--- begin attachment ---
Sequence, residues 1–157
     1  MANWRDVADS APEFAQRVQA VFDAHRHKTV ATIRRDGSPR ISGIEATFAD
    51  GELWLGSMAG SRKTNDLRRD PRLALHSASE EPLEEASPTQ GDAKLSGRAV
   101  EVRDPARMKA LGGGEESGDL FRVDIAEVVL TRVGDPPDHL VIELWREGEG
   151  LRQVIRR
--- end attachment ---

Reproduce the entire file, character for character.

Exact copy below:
Sequence, residues 1–157
     1  MANWRDVADS APEFAQRVQA VFDAHRHKTV ATIRRDGSPR ISGIEATFAD
    51  GELWLGSMAG SRKTNDLRRD PRLALHSASE EPLEEASPTQ GDAKLSGRAV
   101  EVRDPARMKA LGGGEESGDL FRVDIAEVVL TRVGDPPDHL VIELWREGEG
   151  LRQVIRR